“The Africa Water Vision articulates the water ideal for Africa, which is shared by several international organizations and African governments. It proposes a framework with a number of targets and milestones to be reached by 2025, through a collective effort,” he said.

“The AfDB contributes by accentuating its focus on the water and sanitation sector, through increased investments, from US$ 70 million per annum 2002 to US$700 million in 2010, capacity building, and by working with governments to influence policy change and institutional reforms to create the enabling environment needed for effectively developing the sector”.

Jallow added that directly in line with the vision, the AfDB has developed an agricultural sector business plan, improved water storage capacity in Africa annually as well as hydropower generation.

“It is hoped that our contribution will give the impetus necessary for achieving the vision, that is, despite the number of challenges that call for some adjustments, such as climate change and population growth,” he said.

Jallow said the most visible impacts of climate change appear in water-related phenomena, such as droughts and floods, which also show that climate change adds an extra burden to the existing challenges Africa is facing with regard to water resources management.

He said the bank’s climate change approach for water addresses both mitigation and adaptation. “Our mitigation approach is one where we emphasize the capture of methane from waste water treatment plants, increase the use of solar energy to power water pumping systems, and develop hydropower potential, all of which can contribute to reducing greenhouse gas emissions.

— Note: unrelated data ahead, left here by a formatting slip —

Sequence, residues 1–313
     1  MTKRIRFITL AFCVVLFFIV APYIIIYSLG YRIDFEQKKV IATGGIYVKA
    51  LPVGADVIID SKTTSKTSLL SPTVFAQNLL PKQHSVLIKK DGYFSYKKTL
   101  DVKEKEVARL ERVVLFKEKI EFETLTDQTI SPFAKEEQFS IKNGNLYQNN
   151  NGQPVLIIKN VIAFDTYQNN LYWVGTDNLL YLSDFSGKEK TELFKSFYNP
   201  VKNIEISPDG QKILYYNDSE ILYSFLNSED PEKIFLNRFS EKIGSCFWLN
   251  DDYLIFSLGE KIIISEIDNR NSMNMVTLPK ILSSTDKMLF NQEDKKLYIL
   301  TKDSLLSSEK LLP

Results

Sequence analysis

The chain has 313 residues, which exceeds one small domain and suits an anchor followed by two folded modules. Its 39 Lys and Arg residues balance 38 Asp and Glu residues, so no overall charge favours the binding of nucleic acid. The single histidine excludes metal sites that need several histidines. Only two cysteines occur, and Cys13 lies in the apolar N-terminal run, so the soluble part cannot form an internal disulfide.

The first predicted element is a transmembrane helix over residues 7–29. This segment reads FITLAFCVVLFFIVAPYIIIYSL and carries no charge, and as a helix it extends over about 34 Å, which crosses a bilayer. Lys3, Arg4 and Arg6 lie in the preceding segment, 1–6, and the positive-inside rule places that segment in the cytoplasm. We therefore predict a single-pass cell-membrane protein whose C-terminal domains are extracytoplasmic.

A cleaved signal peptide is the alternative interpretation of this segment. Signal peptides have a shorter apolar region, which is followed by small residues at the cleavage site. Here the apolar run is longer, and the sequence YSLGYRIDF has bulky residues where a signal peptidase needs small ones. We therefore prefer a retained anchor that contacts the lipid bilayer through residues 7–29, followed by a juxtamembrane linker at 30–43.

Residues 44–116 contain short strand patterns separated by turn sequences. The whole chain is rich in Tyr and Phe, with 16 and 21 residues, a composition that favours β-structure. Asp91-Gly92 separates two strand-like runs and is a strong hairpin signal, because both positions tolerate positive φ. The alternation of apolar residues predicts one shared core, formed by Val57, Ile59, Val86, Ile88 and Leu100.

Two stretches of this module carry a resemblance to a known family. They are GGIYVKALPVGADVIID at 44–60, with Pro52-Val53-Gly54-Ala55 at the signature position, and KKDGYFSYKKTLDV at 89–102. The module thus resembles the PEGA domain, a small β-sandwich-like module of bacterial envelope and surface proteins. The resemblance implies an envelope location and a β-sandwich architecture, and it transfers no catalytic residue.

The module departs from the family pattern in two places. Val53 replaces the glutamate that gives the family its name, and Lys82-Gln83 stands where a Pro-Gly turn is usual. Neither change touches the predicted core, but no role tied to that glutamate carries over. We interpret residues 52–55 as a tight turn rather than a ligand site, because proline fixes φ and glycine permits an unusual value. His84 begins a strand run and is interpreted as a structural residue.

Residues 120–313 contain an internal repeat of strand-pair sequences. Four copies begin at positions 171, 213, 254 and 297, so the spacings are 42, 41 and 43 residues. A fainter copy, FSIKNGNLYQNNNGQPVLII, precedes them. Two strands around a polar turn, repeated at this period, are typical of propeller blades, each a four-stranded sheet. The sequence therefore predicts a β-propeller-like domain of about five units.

“As for adaptation, the bank invests in increasing resilience to droughts by improving water storage capacity, with projects such as the construction of large dams and small scale reservoirs, in addition to groundwater recharge and rainwater harvesting,” Jallow said.

“We help countries better manage floods by investing in the improvement of urban drainage systems and water shed management.
“The bank has learned that certainty of water availability during drier days can be greatly improved with the adoption and implementation of a long term water resources management strategy, as well as hydro-meteorological data monitoring and sharing.
Given the high number of shared river basins and aquifer systems in Africa, this is only possible through improved trans-boundary cooperation,” he said.

The bank has therefore been supporting the implementation of Integrated Water Resources Management (IWRM) plans, water efficiency plans in trans-boundary rivers and preparation of trans-boundary water resource infrastructure and services.

In Zambia, the bank group began operations in Zambia in 1971 and has since invested over US$1 billion in all sectors of the country’s economy.